Linux – Windows 8.1 fails to boot after Linux Mint 17.1 install

installationlinuxpartitioningwindows 8

My brother wants to move to Linux, so he installed it on his second HDD. The second HDD was the boot sector drive, but Windows and all the data was on the first HDD. After installing, Linux would boot, but not Windows 8.1 .

So, I booted from the Windows Install disc, and ran startup Repair, which told me it failed, with no other explanation. I then tried other advanced options from a command prompt window, using diskpart as per How can I repair the Windows 8 EFI Bootloader? .

bootrec /scanos found the Windows install on C:
bootrec /fix executed OK, but
bootrec /rebuildbcd told me it failed.

And, now, Linux will not boot, either, but I can easily re-install Linux

How may I recover the Windows Boot instructions?

I do not know if this is relevant, but here's the partitioning:

sel vol 1

should show me the four partitions on sdb but instead I get the same as

sel vol 0

i.e., sda1 through sda11

sda1 Extended
sda5 – ntfs D:
sda6 – ntfs E:
sda7 – ntfs F:
sda8 – ntfs G:
sda9 – ntfs H:
sda10 – ntfs I:
sda11 – ntfs J:
sda2 Primary, ntfs, C:

sdb1 – fat32 Boot
sdb2 – ext4 /
sdb3 – ext4 /home
sdb4 – swap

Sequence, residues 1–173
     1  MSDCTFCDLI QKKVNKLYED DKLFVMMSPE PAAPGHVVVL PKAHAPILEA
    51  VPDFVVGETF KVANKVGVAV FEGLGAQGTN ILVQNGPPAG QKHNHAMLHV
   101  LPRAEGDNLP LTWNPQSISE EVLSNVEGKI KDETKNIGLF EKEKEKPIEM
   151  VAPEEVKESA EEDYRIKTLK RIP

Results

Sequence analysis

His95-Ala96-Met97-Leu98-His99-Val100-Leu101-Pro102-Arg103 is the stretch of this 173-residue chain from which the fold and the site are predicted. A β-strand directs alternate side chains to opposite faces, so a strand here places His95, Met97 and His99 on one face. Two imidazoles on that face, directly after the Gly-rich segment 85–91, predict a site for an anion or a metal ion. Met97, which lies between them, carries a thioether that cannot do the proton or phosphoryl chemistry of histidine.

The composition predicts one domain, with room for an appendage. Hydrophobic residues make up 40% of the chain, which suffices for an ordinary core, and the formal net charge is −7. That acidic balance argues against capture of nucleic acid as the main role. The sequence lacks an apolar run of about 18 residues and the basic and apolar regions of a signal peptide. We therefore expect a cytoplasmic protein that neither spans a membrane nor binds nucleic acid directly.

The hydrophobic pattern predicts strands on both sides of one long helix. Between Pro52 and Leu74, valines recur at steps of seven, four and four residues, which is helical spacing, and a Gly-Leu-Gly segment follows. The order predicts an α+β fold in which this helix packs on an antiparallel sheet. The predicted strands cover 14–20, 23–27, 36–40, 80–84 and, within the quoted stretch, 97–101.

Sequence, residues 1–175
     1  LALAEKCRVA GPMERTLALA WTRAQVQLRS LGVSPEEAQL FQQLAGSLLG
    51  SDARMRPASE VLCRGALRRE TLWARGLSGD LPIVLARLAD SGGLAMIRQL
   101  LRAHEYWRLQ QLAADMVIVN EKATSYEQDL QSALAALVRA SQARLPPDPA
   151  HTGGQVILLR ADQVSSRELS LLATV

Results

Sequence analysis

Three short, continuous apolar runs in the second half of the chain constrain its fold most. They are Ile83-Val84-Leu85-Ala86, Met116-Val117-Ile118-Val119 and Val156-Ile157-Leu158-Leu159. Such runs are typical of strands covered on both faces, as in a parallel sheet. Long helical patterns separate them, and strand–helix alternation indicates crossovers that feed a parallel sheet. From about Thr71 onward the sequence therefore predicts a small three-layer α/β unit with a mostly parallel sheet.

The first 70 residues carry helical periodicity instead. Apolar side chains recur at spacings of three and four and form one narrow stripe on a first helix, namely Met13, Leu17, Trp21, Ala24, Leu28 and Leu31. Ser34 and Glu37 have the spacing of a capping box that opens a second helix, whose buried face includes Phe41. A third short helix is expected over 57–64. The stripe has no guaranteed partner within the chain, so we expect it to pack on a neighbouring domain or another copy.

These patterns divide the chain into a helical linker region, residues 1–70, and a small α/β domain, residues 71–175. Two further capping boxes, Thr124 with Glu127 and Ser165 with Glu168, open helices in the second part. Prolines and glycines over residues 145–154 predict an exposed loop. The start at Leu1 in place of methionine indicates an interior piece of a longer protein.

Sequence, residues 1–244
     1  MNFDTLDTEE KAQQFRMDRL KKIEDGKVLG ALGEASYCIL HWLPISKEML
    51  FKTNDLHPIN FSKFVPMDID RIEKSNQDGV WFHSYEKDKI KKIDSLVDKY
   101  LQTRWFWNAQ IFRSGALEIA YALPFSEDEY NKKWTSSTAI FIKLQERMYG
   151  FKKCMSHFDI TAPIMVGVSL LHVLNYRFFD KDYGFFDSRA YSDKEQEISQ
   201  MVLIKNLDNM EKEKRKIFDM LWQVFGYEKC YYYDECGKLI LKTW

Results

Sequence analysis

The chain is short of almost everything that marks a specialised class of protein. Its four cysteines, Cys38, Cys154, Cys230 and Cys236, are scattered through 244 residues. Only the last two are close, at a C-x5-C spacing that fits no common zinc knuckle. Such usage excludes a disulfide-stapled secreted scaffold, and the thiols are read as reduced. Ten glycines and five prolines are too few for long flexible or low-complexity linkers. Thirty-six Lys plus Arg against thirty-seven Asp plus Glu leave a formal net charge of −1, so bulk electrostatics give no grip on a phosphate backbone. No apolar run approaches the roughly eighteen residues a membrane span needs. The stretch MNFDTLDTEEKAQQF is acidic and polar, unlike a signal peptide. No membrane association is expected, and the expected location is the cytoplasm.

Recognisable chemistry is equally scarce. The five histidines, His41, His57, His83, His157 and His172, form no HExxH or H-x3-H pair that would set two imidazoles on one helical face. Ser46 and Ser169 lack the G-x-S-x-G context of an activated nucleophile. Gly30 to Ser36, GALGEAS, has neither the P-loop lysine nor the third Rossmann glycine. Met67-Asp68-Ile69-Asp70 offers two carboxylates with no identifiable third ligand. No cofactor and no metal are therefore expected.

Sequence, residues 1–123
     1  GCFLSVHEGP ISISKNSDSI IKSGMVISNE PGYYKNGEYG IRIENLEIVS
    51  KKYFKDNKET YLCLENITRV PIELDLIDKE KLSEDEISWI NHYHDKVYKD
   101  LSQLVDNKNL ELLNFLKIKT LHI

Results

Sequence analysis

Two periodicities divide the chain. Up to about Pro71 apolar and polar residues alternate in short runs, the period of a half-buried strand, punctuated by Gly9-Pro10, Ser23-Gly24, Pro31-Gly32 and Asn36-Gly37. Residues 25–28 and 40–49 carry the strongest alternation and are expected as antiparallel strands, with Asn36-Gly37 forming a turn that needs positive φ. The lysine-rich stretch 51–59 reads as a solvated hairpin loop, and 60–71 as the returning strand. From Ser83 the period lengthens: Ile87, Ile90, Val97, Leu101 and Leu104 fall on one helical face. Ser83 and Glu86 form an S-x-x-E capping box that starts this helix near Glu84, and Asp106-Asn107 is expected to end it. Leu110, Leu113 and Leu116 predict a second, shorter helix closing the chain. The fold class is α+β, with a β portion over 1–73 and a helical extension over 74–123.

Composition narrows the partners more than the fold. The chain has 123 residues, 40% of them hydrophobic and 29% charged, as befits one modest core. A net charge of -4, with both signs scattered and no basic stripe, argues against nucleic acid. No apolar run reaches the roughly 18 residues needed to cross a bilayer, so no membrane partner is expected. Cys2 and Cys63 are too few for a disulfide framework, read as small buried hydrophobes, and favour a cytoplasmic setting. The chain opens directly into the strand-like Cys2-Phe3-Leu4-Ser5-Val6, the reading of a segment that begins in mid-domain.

Best Answer

Hmm, this is a typical case if you don't know how these installers work. But don't feel bad. I have seen that many times because the causes are not obvious.

Let me first explain what has happened and then we'll see how to fix it.

When you installed Windows, the disk on which you installed was not on the Sata port0. The disk on which you installed Linux was on that port. But the Windows installer has this habit to install the bootmgr (the 350MB EFI system partition) on the first disk (the one with the lowest port number) it finds. The remedy is to either switch the Sata cables on the mobo or to disconnect the disks on the lower ports during the installation.

Then you installed Linux on the port0 disk. The Linux bootmgr is the Grub which did overwrite your Windows bootmgr. If you are a Grub expert, you can fix that, but we will try to do that in another way.

Download the bootable CD iso of Partition Wizrd and burn that to CD. Boot your PC with that CD and mark the C partition of Windows active. See the steps in the picture below.

Now run a startup/repair 3 times. Then try to boot Windows.

Next time you install Linux on the port0 disk, unplug the disk where Windows is. Or even better and a lot more flexible - install Linux in a virtual partition. That is completely trouble free and will not present any such problems as you have seen. Here is how. In this tutorial I also use Mint.

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